The software company Check Point warns of a new virus in WhatsApp, which is said to have infected more than 25 million devices worldwide. "Agent Smith" exchanges popular Android apps, including WhatsApp, for malware. The security experts of the Israeli company are sounding the alarm: So far, users in India, Bangladesh and Pakistan have been affected, according to some reports also users in Australia, Great Britain and the USA - there have been no incidents in this country so far.


Smartphones are ubiquitous. Mobile devices are also used daily by game fans, so the warnings from the Israeli software company also affect gamers around the world. The harmful virus has wormed its way onto millions of Android devices worldwide. According to the software company Check Point, "Agent Smith", the name is based on the agent from the Matrix film trilogy, has hitherto primarily struck in the Asian region, partly also in Australia, the USA and Great Britain. The reason: The "host", i.e. the app that injects the virus into the Android device, is mainly available in Arabic, Russian, Indonesian and Indian.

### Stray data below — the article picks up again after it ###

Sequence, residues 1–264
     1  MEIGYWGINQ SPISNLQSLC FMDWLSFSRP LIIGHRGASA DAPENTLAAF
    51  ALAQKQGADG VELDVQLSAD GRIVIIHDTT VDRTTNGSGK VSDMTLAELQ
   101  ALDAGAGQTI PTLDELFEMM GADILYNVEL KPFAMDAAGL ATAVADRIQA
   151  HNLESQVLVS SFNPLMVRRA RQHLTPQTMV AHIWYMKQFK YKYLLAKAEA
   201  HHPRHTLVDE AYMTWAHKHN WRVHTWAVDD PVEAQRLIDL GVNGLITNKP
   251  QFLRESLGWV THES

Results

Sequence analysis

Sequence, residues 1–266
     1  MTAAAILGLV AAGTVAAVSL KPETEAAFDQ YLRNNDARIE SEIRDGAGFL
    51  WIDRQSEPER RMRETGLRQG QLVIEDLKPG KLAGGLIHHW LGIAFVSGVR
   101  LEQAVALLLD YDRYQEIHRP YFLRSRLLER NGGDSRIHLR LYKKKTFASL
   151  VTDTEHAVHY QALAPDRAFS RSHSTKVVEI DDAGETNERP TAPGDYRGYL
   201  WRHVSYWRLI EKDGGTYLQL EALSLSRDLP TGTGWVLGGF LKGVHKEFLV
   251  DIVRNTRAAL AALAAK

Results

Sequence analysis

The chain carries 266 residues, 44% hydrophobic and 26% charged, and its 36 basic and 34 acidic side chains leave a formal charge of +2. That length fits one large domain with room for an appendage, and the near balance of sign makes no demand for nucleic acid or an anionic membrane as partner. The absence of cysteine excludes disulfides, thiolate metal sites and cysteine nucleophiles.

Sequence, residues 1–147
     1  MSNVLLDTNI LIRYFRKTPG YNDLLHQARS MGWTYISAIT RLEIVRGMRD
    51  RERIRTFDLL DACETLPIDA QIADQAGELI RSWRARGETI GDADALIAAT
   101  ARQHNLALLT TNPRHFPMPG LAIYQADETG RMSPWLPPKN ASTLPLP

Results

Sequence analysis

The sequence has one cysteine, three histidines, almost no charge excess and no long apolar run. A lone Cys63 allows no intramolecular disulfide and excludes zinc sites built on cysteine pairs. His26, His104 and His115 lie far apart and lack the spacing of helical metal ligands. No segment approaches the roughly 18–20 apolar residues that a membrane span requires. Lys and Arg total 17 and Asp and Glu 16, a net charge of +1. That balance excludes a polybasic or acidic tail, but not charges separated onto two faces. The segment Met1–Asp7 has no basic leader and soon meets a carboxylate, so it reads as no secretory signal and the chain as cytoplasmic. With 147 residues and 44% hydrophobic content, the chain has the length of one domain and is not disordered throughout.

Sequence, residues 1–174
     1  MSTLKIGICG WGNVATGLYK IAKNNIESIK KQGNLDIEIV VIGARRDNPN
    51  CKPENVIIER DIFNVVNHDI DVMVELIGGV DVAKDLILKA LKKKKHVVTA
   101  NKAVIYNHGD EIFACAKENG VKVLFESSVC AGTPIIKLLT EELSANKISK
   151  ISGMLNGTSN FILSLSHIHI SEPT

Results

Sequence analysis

German users are safe so far

German Android users have not yet been affected by "Agent Smith", but spreading in this country cannot be ruled out. The virus is particularly insidious because it disguises itself as a normal app and thus finds its way onto the smartphone. The affected apps are usually free games or free tools that are distributed via app stores. According to Check Point, once "Agent Smith" is installed on the device, the malware scans the smartphone for common apps, such as WhatsApp.

The installed applications would then be replaced by the malicious program. As a result, those affected could then be financially harmed through advertising formats. Check Point also states that the virus can even eavesdrop on users or spy out bank details.

Protection against smartphone viruses is essential for users: Apps should only be downloaded from reliable sources, such as the official Google Play Store - even if offers on platforms such as "9Apps" are tempting. Virus-tested software has also been offered in the Play Store in the past, but third-party providers are more frequently affected.

Anti-virus programs that secure the smartphone against the installation of malware offer additional protection. Numerous free and paid protection programs are available, especially for Android devices. Important: Anti-virus programs should not overload the smartphone system too much.

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